You might still be complaining and whining about the fact that this doesn’t seem like a very merciful message. Yet, all of this fits together perfectly. As you read Acts chapter 7, notice the love, mercy, and judgment all mixed together. You can’t have true love and true mercy without judgment. How else can God have mercy unless he pronounces judgment? How else can a man take on the grace of God unless he is aware of how sinful and deserving of hell he is? In the same way, you will speak boldly, clearly, and powerfully. Indeed, if you don’t, you’re in sin, but all of that motivation must come from love and an attitude of showing mercy. But don’t confuse mercy with the mushiness you’re used to, “Oh, well, gee, you might have this sin in your life but I don’t want to seem harsh.” People are usually so apologetic that they never get around to speaking to the sin directly. Again, that is not mercy. That is mushiness! Mercy is this:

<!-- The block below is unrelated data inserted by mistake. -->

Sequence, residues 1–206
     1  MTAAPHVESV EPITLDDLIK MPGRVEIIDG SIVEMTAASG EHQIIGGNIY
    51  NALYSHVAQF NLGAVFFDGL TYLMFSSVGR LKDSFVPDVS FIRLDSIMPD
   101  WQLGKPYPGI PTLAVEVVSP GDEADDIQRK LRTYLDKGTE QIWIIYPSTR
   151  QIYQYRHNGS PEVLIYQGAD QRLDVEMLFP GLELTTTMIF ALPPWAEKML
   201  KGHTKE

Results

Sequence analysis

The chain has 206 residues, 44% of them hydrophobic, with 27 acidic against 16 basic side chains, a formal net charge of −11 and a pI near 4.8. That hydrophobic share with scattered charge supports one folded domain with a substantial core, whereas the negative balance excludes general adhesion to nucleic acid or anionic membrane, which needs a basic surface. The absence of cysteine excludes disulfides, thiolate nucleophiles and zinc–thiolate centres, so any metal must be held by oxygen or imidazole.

Acts 7:1 – Then the high priest asked him, “Are these charges true?”
Here Stephen has been brought before the high priest, and they were all upset. Are these charges true?